Professional squash is in a very interesting stage right now. We've got younger players, such as Mostafa Asal and Hania El Hammamy making their presence known on the tour, and we've got experienced veterans of the sport, such as Grégory Gaultier and Miguel Rodriguez who are still playing at an incredible level.
A good friend of mine, and a fellow squash player, mentioned recently that he thought that professional squash needed more drama, excitement, and rivalry.
For many of us, getting on the squash court may not be possible at the moment. For everyone here at Control the 'T' Sports, we're in a form of lockdown and not able to play squash at present.
2020 has been a strange year for us all. The pandemic (which I'm sure you're probably sick of hearing about) has impacted everyone's lives in ways we would have never expected. Sports, in particular, took a huge hit worldwide, and indoor sports such as squash seemed to be amongst the worst affected.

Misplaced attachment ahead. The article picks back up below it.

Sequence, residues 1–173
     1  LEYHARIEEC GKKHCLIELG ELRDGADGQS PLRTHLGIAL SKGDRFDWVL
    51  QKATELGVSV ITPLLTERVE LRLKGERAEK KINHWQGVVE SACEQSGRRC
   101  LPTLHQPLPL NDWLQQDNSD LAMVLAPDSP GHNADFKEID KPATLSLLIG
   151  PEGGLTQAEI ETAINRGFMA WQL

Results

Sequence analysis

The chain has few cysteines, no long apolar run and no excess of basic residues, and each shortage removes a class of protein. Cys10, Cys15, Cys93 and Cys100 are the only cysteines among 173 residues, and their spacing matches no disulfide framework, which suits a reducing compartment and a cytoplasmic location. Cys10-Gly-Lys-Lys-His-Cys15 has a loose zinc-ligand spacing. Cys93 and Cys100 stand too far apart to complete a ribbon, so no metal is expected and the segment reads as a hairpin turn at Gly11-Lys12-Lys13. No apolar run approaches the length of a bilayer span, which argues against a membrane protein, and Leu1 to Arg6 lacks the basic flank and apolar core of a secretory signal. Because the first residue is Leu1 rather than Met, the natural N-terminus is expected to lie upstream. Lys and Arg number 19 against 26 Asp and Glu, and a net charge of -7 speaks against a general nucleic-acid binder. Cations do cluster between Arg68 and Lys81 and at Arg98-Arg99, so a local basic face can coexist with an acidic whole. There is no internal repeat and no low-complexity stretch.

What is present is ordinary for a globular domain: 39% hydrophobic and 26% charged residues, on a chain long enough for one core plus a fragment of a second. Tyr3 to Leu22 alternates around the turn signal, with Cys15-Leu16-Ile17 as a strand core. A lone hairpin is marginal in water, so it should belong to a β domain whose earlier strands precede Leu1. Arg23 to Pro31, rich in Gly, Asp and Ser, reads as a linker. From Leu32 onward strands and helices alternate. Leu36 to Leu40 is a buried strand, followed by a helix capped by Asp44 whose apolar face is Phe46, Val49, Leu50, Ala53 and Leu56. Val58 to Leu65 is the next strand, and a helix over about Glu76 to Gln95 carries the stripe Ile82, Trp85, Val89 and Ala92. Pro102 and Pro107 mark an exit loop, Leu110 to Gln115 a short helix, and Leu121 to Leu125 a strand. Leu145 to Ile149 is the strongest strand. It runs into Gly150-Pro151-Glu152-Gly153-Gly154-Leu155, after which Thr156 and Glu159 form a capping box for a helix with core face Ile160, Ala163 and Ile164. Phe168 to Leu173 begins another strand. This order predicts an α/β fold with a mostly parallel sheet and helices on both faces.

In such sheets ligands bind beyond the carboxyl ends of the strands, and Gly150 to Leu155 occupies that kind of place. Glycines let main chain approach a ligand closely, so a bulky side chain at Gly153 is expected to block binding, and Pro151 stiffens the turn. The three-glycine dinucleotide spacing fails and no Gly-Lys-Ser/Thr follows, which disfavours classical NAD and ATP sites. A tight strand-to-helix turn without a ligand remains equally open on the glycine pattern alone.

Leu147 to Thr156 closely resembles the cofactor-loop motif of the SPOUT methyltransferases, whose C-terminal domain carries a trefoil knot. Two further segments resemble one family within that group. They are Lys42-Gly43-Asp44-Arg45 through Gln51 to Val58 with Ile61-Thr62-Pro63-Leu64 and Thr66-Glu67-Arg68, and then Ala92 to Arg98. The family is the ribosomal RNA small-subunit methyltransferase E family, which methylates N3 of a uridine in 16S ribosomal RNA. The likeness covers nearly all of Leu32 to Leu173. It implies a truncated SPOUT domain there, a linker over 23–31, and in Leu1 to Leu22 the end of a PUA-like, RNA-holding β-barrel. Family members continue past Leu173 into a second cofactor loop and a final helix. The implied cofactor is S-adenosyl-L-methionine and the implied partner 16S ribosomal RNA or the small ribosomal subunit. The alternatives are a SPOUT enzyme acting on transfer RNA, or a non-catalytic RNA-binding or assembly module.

I was reading a thread on Twitter recently which discussed some really interesting points regarding power in squash. The people in the thread were debating whether or not you have to have big, strong arms to hit the ball hard in squash. Most people were in agreement that you don't, however, I've spoken to a lot of beginner level players who assume that you have to be super strong to hit a powerful shot.
The pace at which a squash game is played defines the entire match.
We all know the importance of practice. Repetition of any skill should in theory make you better at that skill. However, whether or not your practice is meaningful can have a huge impact on the speed and quality of your progression.
Something I've been struggling with a little bit recently is maintaining motivation. I know I'm not alone in this as some local squash players I've spoken to have expressed similar concerns with their training.
I think every player knows and acknowledges that height is important in squash, but I believe that it's still severely under-appreciated by beginner, intermediate, and even some advanced level players. If you look at the very top squash players, they use height consistently and effectively for both attack and defense.
I recently found myself thinking about squash's past campaigns for getting into the Olympic Games, and there's one key point that these campaigns mention which stands out as one of my favourite features of the game. The fact that an all glass squash court can be set up (fast) in almost any location is absolutely astounding.